Sunday, December 7, 2008

Cups, Cups, and more Cups!!!

I finally ran out of room in the kitchen for storage of cups I have purchased recently.  Over the years I have bought a lot of cups.  In addition to those in the picture below I probably have over 200 in boxes in the attic.  Why do I continue to buy them you ask?  Good question!  Today I had to sort through the ones in the kitchen cabinets as well as those purchased recently to determine which ones went in the cabinet and which ones went to the attic in a (yet another) box.

Tuesday, November 18, 2008

Photos From North Carolina

I haven't posted much lately. I've been busy doing other things. I did, however, fire a load of pots this past weekend. Didn't turn out how I wanted...but I have some theories about why. I will explain in another post coming soon. In October I traveled to Mars Hill, NC to work with Tom Turner. Tom is a world famous porcelain potter, artist, and great guy!  Being able to spend three days with him at his studio was such a great opportunity to learn. His pottery collection is unlike any I've seen. Here is a link to photos I took on the trip.  They include photos of: Tom's studio, Tom's pottery collection and works, Penland School of Crafts, working in the studio, art from the Blue Spiral Gallery in Asheville, and more. Enjoy!

Saturday, September 27, 2008

More Preparation

It's been a busy week at work so I haven't been in the studio very much. Yesterday I did manage to throw a few mugs. I haven't been too happy with the shape of the mugs I've been throwing lately. I have a ton of cups from other potters that I love but I find myself struggling to develop 'my style'. I suppose the only way to get past it is to keep experimenting. I'm sure one will appear when I least expect it.

As a part of my preparations for testing new glazes I am analyzing everything I can that has an effect on glaze makeup, firing, etc. I have a computer controlled kiln but I plan on placing cones on each shelf (and in various positions on the shelves). My goal is to get as accurate of a picture as possible of what's happening in that kiln when firing. Yesterday I made cone supports for both the glaze and bisque firing.

As you can see, I have poked holes in the bases. Earlier this year during a raku firing the clay holding my cones burst. I thought all the moisture was out of them but apparently not. As a result two pieces were ruined. I got a recommendation from a potter to poke holes in the bases which really helps get the moisture out. We'll see how they do next week!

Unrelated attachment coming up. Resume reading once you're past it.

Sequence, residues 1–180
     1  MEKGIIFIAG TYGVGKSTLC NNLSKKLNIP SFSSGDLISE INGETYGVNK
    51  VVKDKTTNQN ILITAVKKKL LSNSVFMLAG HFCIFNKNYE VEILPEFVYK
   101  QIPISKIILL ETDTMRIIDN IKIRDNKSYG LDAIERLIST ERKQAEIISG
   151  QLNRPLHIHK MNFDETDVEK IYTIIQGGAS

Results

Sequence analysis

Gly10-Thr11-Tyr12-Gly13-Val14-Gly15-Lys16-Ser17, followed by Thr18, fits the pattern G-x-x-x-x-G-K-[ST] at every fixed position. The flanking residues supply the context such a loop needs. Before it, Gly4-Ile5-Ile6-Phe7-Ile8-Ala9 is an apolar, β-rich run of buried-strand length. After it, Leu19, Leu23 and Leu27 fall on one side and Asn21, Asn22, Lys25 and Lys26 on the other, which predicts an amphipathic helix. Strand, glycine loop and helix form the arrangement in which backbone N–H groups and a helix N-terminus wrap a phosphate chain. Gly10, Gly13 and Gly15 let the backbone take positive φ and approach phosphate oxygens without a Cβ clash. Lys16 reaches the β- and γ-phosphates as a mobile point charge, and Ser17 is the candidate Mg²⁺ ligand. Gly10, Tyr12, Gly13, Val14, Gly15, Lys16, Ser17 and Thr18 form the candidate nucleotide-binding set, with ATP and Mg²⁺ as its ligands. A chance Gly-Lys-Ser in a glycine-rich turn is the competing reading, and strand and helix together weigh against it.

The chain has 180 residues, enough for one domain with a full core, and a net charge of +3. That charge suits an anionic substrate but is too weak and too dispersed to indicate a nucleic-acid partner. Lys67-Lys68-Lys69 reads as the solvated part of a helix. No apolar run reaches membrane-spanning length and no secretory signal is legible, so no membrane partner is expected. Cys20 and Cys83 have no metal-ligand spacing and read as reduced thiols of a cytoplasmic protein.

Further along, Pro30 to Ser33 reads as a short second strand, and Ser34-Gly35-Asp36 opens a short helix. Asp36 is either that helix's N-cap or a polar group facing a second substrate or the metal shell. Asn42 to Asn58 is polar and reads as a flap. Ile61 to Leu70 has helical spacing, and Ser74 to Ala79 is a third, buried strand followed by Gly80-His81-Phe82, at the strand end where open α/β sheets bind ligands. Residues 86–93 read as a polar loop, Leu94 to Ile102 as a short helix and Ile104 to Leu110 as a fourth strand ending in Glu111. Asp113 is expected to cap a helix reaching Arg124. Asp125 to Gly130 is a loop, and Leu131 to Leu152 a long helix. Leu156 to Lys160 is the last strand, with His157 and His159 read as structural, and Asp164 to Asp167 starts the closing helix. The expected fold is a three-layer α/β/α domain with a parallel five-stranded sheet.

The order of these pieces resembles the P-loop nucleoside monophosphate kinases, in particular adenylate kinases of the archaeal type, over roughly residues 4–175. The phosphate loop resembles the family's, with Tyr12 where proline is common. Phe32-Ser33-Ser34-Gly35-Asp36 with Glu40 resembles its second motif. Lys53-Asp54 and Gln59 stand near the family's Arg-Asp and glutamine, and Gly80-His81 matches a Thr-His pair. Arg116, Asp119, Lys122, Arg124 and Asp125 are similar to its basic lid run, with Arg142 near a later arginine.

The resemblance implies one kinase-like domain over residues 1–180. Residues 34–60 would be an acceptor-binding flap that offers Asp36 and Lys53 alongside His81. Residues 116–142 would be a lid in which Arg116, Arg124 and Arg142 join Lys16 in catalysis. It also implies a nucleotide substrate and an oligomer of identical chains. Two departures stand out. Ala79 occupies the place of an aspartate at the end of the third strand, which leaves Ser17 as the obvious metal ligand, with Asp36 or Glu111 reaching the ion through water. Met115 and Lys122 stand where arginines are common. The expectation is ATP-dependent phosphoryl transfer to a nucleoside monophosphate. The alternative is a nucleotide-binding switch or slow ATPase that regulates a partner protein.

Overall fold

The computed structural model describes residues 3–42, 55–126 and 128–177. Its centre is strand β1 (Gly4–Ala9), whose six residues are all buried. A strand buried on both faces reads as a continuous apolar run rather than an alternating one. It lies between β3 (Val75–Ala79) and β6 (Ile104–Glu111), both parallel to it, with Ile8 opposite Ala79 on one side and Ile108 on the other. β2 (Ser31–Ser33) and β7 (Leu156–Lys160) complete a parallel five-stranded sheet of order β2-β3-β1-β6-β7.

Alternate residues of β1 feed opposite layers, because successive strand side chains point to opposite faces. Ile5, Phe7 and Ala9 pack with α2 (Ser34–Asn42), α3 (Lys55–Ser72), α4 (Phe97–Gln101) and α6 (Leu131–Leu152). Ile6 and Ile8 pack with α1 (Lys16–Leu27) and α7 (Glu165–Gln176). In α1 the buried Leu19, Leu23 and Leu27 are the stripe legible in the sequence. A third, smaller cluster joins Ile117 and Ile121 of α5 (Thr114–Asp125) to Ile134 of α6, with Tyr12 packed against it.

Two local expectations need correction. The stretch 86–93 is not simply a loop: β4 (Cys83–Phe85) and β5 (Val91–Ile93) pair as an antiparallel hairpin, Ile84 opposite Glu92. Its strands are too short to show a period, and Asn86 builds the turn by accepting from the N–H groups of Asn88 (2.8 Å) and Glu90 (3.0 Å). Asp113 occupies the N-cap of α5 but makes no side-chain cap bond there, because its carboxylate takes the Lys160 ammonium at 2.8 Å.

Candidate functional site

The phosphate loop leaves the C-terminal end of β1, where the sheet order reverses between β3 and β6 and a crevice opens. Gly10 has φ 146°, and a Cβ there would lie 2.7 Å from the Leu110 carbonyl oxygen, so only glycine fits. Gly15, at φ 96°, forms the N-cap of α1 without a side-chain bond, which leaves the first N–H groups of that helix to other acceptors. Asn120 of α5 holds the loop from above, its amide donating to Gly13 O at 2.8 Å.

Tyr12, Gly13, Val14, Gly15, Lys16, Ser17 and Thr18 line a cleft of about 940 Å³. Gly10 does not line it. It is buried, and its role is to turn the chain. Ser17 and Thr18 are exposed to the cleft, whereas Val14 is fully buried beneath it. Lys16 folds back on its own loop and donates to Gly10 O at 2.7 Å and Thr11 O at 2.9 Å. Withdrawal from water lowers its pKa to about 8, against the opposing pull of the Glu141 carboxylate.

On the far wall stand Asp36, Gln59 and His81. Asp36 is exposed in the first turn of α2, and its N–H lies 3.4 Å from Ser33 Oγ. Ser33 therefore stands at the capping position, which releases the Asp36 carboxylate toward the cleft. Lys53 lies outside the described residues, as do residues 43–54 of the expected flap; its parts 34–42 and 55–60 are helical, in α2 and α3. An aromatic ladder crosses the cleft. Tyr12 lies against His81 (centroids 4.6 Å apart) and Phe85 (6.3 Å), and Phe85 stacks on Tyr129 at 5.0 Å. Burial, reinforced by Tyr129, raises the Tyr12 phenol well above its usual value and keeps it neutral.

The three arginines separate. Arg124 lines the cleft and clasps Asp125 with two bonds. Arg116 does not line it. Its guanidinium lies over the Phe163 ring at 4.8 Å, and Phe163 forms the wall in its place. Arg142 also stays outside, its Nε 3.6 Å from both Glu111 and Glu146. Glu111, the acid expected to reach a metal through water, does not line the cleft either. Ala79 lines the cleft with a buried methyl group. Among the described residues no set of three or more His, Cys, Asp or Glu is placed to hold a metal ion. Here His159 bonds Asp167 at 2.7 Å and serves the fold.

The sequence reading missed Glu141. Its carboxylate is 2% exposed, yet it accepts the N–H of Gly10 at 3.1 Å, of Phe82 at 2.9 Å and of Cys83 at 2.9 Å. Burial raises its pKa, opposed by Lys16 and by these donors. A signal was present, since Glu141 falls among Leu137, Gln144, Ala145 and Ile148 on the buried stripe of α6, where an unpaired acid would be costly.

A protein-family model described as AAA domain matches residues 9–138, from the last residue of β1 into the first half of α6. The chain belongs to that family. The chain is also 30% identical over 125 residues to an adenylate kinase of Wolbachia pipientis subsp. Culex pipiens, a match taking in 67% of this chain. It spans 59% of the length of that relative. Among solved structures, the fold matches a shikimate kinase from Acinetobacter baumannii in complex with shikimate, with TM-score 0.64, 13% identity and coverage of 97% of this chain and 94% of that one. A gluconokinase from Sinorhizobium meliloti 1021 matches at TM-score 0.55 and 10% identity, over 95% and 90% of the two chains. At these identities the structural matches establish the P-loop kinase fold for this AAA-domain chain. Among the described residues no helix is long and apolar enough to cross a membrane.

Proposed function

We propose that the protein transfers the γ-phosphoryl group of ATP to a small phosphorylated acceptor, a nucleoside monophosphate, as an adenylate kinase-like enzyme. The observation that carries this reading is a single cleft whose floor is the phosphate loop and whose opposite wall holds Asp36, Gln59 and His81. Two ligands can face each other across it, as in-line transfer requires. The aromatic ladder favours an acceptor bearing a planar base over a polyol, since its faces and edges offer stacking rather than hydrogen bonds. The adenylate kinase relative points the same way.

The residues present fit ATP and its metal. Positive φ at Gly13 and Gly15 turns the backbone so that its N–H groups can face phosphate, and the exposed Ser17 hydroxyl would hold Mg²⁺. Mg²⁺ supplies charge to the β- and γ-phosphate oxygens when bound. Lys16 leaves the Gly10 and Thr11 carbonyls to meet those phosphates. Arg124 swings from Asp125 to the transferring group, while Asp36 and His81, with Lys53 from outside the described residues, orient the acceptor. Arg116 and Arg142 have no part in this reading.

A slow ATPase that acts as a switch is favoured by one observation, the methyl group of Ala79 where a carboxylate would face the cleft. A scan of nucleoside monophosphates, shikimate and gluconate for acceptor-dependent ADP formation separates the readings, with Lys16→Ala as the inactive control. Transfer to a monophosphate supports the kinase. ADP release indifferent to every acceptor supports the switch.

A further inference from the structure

Wednesday, September 10, 2008

Test Glazes

I have selected fourteen cone 6 glazes that I want to test. That's a lot you ask? Yes it is! I have made a ton of test tiles and I will be mixing up 100 gram batches of each glaze over the next week or so. I should get a lot done this weekend since the Gators don't play. Here are the glazes along with their formulas:

Floating Blue
Nephaline Syenite 47.30
Gerstely Borate 27.00
Kaolin/EPK 5.40
Silica 20.30
Cobalt Oxide 1.00
Red Iron Oxide 2.00
Bentonite 1.00
Rutile 4.00

Randy's Red
Silica 30.00
EPK 5.00
Soda Feldspar (Kona F-4) 20.00
Talc 14.00
Gerstley Borate 31.00
Red Iron Oxide 15.00

Dolomite 23.30
Spodumene 23.30
Ferro Frit 3134 6.80
Kentucky Ball Clay (OM4) 23.30
Silica (Flint) 23.30
Red Iron Oxide 1.07
Yellow Ochre 3.24
Tin Oxide 4.85
Bentonite 1.94

Cream Rust
Custer Feldspar 26.60
Strontium Carbonate 3.30
Ferro Frit 3134 30.60
Wollastonite 10.60
Talc 2.30
EPK 8.40
Silica 18.20
Red Iron Oxide 6.00
Tin Oxide 13.00

Tennessee Ball Clay #5 20.00
F-4 Feldspar 50.00
Gerstley Borate 5.00
Whiting 15.00
Zinc Oxide 5.00
Flint (325 Mesh) 5.00
Black Nickel Oxide 2.00
Cobalt Carbonate 1.00

Whiting 9.50
Zinc Oxide 5.50
Ferro Frit 3124 44.50
Custer Feldspar 20.00
Bentonite 7.50
EPK/Kaolin 5.00
Silica 8.00
Tin Oxide 9.00
Red Iron Oxide 3.00

Speckled Glaze
Gerstley Borate 59.00
Talc 41.00
Rutile 18.00

White Glaze
Dolomite 23.00
Nephaline Syenite 72.00
Ball Clay 5.00
Tin Oxide 8.00
Red Iron Oxide 1.00
Bentonite 2.00

Brown Slip
Ferro Frit 3124 10.00
Nephline Syenite 10.00
EPK/Koalin 40.00
Kentucky Ball Clay (OM4) 30.00
Silica 10.00
Red Iron Oxide 8.00

Ron Roy Black
Talc 3.00
Whiting 6.00
Kona F-4 Feldspar 21.00
Ferro Frit 3134 26.00
EPK/Kaolin 17.00
Silica 27.00
Cobalt Carbonate 1.00
Red Iron Oxide 9.00

Waterfall Brown
Formula not printed - see book Mastering Cone 6 Glazes

Caribbean Sea Green
Formula not printed - see book Mastering Cone 6 Glazes

Variegated Blue
Formula not printed - see book Mastering Cone 6 Glazes

Raw Sienna
Formula not printed - see book Mastering Cone 6 Glazes

Am I crazy for testing so many glazes?  The answer is most certainly 'yes'.  More to come...

Tuesday, September 9, 2008

It's Time To Make The Doughnuts